- In Sinfest, Monique's death wish is trumped by her desire to avoid this.
- The Simpsons
- In "The Wizard of Evergreen Terrace," Homer imagines himself dying: In Homer's imagination, the gates to the Graveyard of the Future open, where his funeral is taking place. Ned Flanders does the ceremony, while a suited Lenny and two bodyguards, Barney Gumble with his arms full of Oscars, as well as a robot and Heckle and Jeckle, stand by.
Ned: No, Homer wasn't a great man, nor even an adequate man. And he certainly never accomplished anything. Uh, President Lenny, do you have anything to say?
Ned: All right, fair enough. Toss him in the hole, boys.
[a dump truck lets loose a mound of dirt, along with the body of Homer J. Simpson, into the hole below. After the dirt settles, his feet stick up, unburied]
Heckle: There goes a real sack of crap!
Jeckle: Indubitably, old chum! (several dogs start to chew on Homer's feet)
- When Bleeding Gums Murphy died, the only person who went to the funeral was Lisa. Marge and Homer didn't even actually attend the funeral, they just waited for Lisa at the edge of the cemetery, Homer buying hot dogs. Reverend Lovejoy didn't even get his name right.
- In "The Curse of the Flying Hellfish", Mr. Burns and Abe Simpson are the only people attending the funeral of Asa Phelps. The only reason they're there is that they've entered a Tontine over a set of priceless German paintings that they stole from the Nazis during World War II.
- Which is subtly brilliant, when one notes that Reverend Lovejoy’s eulogy for Asa Phelps suggests that he was a very boring person.
- At the very beginning of Up, the now widowed Carl Friedricksen is actually the only mourner attending his late wife Ellie's funeral.
- The funeral is never shown - we see Carl alone with the casket, but that may be intended to underscore how alone he is without Ellie.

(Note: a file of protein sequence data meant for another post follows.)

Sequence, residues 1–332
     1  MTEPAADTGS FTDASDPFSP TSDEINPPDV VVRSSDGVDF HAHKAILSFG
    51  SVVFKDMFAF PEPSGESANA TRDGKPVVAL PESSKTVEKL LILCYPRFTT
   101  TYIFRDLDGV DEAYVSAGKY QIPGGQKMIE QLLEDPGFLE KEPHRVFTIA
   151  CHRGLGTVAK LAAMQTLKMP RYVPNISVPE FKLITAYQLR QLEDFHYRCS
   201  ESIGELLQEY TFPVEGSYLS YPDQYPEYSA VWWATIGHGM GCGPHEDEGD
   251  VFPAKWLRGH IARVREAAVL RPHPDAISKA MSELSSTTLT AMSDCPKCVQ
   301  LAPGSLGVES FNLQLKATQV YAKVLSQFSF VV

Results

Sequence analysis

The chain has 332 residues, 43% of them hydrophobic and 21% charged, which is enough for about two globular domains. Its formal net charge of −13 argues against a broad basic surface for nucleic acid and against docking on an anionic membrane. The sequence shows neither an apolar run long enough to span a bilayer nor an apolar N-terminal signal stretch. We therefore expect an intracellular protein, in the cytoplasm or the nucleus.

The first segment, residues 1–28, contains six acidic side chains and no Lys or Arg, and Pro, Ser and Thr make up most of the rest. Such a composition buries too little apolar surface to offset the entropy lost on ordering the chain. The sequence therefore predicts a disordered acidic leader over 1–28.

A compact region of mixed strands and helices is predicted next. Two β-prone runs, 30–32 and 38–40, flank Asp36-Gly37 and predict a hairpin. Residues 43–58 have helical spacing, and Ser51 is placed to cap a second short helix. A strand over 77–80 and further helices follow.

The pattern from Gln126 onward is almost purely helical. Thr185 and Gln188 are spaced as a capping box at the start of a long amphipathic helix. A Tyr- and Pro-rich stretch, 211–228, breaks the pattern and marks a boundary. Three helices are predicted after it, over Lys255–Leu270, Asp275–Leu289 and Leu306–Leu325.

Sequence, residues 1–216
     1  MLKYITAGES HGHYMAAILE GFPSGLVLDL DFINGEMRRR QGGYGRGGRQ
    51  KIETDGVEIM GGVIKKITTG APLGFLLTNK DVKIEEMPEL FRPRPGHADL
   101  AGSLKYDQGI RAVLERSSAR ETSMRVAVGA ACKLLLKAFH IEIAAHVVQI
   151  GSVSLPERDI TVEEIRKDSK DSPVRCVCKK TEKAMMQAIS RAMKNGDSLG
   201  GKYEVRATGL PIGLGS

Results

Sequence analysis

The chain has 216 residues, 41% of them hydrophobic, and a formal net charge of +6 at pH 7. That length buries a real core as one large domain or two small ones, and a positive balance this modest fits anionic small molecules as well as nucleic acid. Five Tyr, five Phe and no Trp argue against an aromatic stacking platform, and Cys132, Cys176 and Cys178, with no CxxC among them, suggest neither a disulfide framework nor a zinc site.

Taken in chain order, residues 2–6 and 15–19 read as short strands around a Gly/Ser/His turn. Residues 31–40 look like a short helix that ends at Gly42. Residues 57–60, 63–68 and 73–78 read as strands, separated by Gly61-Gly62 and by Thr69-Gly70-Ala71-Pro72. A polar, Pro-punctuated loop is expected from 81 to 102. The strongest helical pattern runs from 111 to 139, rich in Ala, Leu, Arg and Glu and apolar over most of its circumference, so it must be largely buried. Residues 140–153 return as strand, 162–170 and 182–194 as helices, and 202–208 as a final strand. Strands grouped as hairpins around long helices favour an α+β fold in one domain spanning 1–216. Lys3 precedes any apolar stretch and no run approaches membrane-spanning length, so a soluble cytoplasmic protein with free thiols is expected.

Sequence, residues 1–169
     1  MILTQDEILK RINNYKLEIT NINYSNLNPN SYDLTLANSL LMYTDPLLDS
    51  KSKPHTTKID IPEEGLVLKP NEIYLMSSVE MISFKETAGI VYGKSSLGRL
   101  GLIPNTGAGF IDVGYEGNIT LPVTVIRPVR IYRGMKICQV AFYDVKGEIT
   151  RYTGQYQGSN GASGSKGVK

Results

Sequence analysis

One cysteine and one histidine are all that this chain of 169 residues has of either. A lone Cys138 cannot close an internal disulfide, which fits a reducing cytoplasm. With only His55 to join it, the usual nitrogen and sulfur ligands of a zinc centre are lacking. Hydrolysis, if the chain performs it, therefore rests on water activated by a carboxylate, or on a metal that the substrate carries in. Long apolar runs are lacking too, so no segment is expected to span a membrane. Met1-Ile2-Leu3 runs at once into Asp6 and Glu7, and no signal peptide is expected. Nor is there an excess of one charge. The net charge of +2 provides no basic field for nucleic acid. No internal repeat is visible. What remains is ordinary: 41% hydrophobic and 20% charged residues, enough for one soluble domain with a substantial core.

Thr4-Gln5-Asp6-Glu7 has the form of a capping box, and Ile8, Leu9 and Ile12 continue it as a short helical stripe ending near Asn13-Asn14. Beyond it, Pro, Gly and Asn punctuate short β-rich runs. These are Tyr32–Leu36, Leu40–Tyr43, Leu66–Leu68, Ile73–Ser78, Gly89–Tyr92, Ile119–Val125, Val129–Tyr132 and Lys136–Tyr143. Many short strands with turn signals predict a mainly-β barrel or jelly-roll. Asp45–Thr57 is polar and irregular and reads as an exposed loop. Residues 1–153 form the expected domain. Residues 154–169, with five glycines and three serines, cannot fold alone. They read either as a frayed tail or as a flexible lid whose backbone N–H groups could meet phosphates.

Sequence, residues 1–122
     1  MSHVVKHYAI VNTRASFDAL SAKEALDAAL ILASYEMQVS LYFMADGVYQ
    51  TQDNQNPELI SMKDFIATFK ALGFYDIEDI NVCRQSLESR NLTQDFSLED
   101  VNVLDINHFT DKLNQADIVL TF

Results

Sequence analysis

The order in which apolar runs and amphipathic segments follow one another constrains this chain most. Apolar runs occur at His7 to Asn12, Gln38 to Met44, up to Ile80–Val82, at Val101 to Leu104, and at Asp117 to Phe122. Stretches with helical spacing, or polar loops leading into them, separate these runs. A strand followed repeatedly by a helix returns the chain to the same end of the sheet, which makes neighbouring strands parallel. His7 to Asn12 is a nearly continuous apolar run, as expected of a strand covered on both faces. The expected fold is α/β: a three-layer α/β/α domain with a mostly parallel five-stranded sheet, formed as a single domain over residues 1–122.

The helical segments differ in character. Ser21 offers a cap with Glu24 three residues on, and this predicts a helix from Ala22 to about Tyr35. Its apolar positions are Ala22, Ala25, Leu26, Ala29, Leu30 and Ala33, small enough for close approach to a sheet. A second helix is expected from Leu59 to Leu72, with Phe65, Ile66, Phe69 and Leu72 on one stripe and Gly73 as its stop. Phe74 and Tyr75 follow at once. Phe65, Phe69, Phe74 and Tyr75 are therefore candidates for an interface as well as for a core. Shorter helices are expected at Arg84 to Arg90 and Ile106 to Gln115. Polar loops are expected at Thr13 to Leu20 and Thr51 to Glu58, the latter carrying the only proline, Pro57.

- In There Will Be Brawl, Red's funeral was only attended by Leaf, Samus Aran, K.K. Slyder, and Barbara the Bat. Subverted by the fact that many other people loved him, but didn't attend his funeral because they were out avenging his murder.
- Chris' funeral in A Girl Who Brought Down the World. Nobody comes at it.
- Composer Sergei Prokofiev had the misfortune to die in Russia on the same day that Stalin died.
- Subverted by Peter Sellers- due to his reputation, he expected nobody to come to his funeral. Hundreds did.
- A well known Urban Legend involved an old woman who needed to use the bathroom in a funeral home, so she wrote her name on the list of people attending to a funeral of some old man. She was the only guest. Later we find out said man was very rich and conflicted with his family to the point he wrote in his last will that all his money will be inherited by people who attended his funeral.
- American founding father Thomas Paine, author of Common Sense, a pamphlet frequently seen as among the influential publications of The American Revolution, had a whopping six people show up at his funeral. Why? He had written a thesis (The Age of Reason) promoting deism and damning Christianity, which was...not a popular opinion at the time.